* Posts by imanidiot

2258 posts • joined 19 Mar 2012

Hole-y ship: ISS 'nauts take a wander to crack Soyuz driller whodunnit

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Re: "as much value as a truckload of dead rats in a tampon factory"

The rockets won't fire, dear Lisa, dear Lisa.

The rockets won't fire, dear Lisa, won't burn

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Either, or.

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Re: New old song

The epoxy won't harden, dear Lisa, dear Lisa.

The epoxy won't harden, dear Lisa, won't set.

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Re: Bits of foil

The bits floating around have a large surface area to mass ratio, meaning they'll de-orbit very soon. Solar pressure will help to get them clear too.

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The hole is in the orbital section of the craft that is jettisoned before re-entry and burns up in the atmosphere anyway. RTAF.

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Re: When was the hole made?

On orbit there is little animosity between the 'nauts. NASA nauts visit the Russian section, and vice versa. And 2 of those non Russians are hitching a ride back on that very Soyuz so they are surely allowed to go in there.

Windows 10 can carry on slurping even when you're sure you yelled STOP!

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Win10Privacy (Not affiliated) seems to work for me just fine. Haven't encountered any sort of ads on my system whatsoever.

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Throw in monitoring via Smartphones and you've basically tagged every single citizen in the western world with their own personal spy bug already.

IBM is trying to throttle my age-discrimination lawsuit – axed ace cloud salesman

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Re: American companies...

I strongly advice AGAINST wanting to know. Just... Don't. You're better off not knowing.

Poor people should get slower internet speeds, American ISPs tell FCC

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Pai has done everything in his power to remove the FCC from regulatory oversight of ISPs under his notion of "light touch regulation."

And that's working just wonderfully now isn't it...

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Re: What do you expect?

No, he'd not be paying attention and then get very angry because you just called him an imbecile.

Super Micro says audit found no trace of Chinese spy chips on its boards

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Re: Err

Minor nit-pick: Super Micro is an american company that does most of it's manufacturing in China.

Official: Voyager 2 is now an interstellar spacecraft

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Re: Improbability drive

It was very probably they were going to exit the heliosphere. It was slightly less probable we'd have the instrumentation data communicated back to us by the still working probes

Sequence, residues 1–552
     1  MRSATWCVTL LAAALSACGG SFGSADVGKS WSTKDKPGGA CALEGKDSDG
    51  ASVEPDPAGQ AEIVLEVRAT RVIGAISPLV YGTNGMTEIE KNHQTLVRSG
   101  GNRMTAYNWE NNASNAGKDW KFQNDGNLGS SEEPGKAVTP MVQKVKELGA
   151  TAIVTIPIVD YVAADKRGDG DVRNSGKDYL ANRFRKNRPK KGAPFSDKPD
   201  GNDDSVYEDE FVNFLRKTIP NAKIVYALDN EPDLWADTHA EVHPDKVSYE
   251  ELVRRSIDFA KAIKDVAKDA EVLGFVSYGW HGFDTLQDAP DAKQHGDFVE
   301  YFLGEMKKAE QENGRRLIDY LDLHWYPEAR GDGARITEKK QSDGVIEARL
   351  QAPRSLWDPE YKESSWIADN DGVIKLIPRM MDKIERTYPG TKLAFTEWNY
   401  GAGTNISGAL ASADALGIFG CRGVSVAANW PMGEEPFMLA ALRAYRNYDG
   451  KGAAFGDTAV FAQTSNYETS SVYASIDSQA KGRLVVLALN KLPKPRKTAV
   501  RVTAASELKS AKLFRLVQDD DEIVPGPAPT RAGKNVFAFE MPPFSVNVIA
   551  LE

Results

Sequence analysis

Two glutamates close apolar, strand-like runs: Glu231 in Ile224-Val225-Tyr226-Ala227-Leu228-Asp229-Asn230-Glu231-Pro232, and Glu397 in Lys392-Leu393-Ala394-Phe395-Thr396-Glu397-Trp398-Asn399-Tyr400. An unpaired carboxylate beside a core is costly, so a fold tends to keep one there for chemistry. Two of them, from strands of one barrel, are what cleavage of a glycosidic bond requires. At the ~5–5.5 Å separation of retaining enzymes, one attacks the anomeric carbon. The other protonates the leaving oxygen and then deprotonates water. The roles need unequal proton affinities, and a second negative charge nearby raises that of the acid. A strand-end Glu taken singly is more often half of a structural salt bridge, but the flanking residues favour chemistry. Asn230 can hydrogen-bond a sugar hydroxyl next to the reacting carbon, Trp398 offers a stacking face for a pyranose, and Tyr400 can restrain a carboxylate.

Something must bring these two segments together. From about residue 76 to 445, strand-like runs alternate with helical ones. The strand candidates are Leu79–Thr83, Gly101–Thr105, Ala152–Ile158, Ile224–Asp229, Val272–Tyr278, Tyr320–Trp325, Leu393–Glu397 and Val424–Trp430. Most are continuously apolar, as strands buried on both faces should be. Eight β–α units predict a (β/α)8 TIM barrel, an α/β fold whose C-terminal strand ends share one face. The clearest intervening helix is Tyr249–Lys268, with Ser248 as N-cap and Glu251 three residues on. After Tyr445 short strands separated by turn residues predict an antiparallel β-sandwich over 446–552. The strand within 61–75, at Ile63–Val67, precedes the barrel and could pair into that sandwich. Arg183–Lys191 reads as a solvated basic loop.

The internet is going to hell and its creators want your help fixing it

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"And after all that carnage, the world's leaders came together and decided they had to come up with some kind of document that would help prevent it all from happening again."

War... War never changes.

No document is going to stop the carnage when things kick off again globally or locally. Conflicts bring out the worst in humanity and horrid things will be done. Then we'll eventually come to our senses and say: "Never again".

In 2018, Facebook is the villain and Microsoft the shining light, according to techies

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Re: Legislate, regulate

Sure, give a government organisation full control over what can and cannot be done on the internet. Really great idea! What could Possibly go wrong?!

Waiter, what's this? SpaceX delivery delayed for a day by moldy food

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Re: First stage landing was... damp

maybe they ran into the same problem they had with one of the earlier soft landed boosters where they can't depressurise the tanks properly, preventing them from getting too close.

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Re: First stage landing was... damp

I doubt they'd risk it for a Dragon 2 flight. They're on a time crunch there and I doubt NASA would like them using this booster and risking a failed test (RUDing the booster doesn't give valid results if it happens before MaxQ).

I also have my doubts they'll be able to reuse it in the first place. Musk was very sure of himself when he tweeted, but that's before they've seen the actual booster. That thing toppling into the water like that must have done some damage to the (top) interstage section.

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Re: It's not really about the mice.

Humans are filthy, filthy animals. You don't even need to go to space to know that.

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It's not really about the mice.

The mice probably couldn't give a rats about a little mould on their food bars. The problem is that mould spores get into the air distribution system of the ISS and spread everywhere. It becomes very hard to eliminate mould once it sets in because of the sheer amount of hiding space it has in a system like the ISS.

The old USSR/Russian MIR station suffered from mould problems through the later stages of it's existence. The ISS is dealing with it better because of regular cleaning and a requirement in design that nearly all spaces have to be accessible for said cleaning.